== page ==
|as a smart, starkly bleak and humourless drama that puts an interesting twist on the legal thriller
|Diane Kruger, Vincent Lindon, Lancelot Roch, Olivier Marchal, Olivier Perrier, Rémi Martin
|5th June 2009
WHAT’S IT ABOUT?
Julien (Vincent Lindon) and Lisa (Diane Kruger) are very happily married, living in a comfortable apartment with their young son Oscar (Lancelot Roch).
Life couldn’t be better.
Getting ready to go out, Lisa pulls a coat out of the cupboard and finds a red stain on the collar. Thinking nothing of it, she rinses it.
Before she gets to the door, police have burst in and arrested her for a brutal murder.
The steam-roller of a legal system ensures that before long, Lisa is condemned to a lengthy jail sentence and any chance of an early release disappears with a failed appeal.
Julien can’t bear the idea of being without his wife – bringing up his son without a mother – and as the title suggests, he’d do “anything for her.” With all legal avenues closed behind him, Julien defies the placid demeanour that comes with his teacher status by plotting to break her out of prison – and out of the country.
WHAT’S IT LIKE?
This is a starkly bleak, tough and humourless legal thriller that wastes no time diving headlong into its fast-moving storyline.
What’s refreshing about this film is its nihilism. Whereas most movies about miscarriages of justice follow the characters as they strive to prove their innocence, this one throws out all hope early on and concentrates instead on the attempt by its main character – the victim’s husband – to subvert the law himself.
Something that adds further interest to Julien’s journey is the fact that it’s real fish-out-of-water territory – driven to desperation by a legal system that can’t be trusted, an everyman school-teacher finds himself cavorting with underworld figures including crooked bookmakers, arms dealers and drugs barons in his attempts to break his innocent wife out of prison.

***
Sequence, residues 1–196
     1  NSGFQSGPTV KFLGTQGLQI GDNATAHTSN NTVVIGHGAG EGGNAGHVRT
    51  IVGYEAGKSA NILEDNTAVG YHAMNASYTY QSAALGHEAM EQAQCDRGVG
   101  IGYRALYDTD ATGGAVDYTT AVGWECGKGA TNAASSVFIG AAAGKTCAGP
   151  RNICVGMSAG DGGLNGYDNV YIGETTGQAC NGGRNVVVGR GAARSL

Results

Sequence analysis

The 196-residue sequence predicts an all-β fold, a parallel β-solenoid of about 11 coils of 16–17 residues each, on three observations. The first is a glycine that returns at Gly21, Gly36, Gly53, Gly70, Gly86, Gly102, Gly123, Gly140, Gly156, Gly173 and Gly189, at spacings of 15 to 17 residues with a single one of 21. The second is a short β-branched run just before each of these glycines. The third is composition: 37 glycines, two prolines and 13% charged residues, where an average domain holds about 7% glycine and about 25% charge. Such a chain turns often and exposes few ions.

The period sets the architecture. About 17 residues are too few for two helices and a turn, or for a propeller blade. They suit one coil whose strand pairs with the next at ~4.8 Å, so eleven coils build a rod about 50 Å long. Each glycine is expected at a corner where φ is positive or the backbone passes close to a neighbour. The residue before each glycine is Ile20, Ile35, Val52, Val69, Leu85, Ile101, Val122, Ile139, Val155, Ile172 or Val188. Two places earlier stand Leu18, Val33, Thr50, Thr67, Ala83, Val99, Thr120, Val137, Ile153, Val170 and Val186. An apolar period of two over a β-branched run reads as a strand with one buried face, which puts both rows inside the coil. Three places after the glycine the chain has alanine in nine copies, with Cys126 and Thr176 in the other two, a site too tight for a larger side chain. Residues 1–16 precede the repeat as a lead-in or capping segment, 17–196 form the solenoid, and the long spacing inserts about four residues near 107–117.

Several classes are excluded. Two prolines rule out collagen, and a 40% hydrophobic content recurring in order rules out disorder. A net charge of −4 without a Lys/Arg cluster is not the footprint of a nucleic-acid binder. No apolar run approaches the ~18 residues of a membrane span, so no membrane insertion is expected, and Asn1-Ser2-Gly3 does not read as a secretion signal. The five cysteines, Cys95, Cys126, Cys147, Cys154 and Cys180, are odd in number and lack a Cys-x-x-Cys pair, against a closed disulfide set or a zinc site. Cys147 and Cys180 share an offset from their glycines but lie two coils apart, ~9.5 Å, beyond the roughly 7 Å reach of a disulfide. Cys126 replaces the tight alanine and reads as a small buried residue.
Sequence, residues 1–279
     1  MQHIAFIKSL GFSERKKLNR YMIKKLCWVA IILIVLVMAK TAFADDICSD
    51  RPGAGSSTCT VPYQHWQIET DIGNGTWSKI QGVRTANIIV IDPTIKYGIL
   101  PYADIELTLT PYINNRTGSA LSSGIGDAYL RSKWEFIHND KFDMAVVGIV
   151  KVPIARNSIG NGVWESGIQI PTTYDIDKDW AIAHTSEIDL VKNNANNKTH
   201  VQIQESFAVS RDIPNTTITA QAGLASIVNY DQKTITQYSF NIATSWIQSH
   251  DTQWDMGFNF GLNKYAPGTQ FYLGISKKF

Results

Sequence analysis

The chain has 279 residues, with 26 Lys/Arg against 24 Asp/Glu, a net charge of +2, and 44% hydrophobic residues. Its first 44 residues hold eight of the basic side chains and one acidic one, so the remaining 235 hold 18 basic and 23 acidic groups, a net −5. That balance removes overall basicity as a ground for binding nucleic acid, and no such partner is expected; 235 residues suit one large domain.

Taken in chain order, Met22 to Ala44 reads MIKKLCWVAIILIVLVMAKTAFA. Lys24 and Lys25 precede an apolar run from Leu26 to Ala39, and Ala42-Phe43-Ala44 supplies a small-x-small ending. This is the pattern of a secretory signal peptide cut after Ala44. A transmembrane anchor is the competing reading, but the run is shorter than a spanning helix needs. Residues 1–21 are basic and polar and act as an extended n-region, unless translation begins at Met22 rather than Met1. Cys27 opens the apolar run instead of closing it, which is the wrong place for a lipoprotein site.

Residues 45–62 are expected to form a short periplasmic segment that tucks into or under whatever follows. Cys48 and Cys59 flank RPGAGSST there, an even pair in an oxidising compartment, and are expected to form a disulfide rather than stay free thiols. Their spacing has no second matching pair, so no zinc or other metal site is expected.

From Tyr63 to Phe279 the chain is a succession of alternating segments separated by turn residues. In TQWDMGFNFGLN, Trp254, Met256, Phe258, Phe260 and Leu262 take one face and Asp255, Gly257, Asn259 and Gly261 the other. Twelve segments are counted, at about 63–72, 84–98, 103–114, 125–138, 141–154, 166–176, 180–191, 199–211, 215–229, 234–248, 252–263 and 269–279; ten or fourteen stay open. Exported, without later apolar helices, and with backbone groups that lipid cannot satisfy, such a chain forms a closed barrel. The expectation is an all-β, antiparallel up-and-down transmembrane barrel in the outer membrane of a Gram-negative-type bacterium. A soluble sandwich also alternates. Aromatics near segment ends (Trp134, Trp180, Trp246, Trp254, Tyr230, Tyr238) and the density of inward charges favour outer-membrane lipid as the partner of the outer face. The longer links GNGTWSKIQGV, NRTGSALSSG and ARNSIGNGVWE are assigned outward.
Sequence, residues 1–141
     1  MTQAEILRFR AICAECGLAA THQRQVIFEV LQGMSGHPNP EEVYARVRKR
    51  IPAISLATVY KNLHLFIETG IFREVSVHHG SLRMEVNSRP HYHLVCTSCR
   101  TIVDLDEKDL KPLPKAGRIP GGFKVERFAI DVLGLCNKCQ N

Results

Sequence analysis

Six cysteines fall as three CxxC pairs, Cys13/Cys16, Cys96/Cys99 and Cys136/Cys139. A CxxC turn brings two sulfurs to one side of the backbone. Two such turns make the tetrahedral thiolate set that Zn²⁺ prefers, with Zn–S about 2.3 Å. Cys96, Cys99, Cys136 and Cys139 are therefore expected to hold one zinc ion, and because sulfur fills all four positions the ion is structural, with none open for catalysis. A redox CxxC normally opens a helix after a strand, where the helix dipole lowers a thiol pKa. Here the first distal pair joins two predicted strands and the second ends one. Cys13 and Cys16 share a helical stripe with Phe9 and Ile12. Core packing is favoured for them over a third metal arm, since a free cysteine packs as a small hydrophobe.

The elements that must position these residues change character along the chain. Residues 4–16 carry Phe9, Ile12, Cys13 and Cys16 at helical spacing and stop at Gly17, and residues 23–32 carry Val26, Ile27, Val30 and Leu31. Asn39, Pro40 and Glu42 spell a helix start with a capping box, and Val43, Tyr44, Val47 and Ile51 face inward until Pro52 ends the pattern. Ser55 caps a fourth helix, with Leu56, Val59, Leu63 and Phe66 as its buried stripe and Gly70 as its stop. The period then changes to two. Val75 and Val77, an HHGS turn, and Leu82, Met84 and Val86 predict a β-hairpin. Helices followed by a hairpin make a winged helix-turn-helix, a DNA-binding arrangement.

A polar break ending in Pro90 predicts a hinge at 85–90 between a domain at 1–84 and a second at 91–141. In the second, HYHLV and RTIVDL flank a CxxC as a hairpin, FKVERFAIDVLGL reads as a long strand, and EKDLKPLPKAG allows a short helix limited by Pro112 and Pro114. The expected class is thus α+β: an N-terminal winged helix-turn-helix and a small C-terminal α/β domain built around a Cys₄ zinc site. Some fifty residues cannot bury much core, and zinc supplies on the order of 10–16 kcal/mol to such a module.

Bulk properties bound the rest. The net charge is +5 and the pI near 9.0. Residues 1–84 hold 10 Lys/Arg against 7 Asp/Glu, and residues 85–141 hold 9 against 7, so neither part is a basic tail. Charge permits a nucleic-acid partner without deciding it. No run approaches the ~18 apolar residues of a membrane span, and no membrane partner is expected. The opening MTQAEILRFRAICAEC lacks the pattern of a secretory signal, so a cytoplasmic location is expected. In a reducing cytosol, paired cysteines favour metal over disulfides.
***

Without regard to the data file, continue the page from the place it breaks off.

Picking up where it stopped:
This is almost entirely centred on Julien, with Lindon succeeding in carrying the film on his shoulders – but Kruger’s performance is not without its merits too. After her initial shock and confusion at being arrested, she doesn’t really have much to do, other than act passive as prison life goes on around her and her despair, as she sees her son lose interest in her, is palpable.
For the actors it’s one of those tough films where the leading characters are forced mainly to play alone, being kept apart by a catalogue of frustration.
But both alone and together, their strong performances help first time director Cavayé, get his vision across, complex and not entirely consistent as it is. It’s a good effort, and it really gets you thinking “what would I do?” but his story isn’t always entirely believable, feeling more than a little far-fetched and there are rather too many convenient coincidences but these are mostly outweighed by some terrifically subtle touches – a corny “poor relationship” between Julien and his father turns out to have satisfyingly dramatic consequences.
And a cameo from Olivier Marchal provides an added nod to those in the know – in real life, he’s a former police officer who wrote and directed the tough police drama 36 Quai des Orfèvres, here providing Julien with all the information he needs to start his one-man campaign to beat the failed justice system.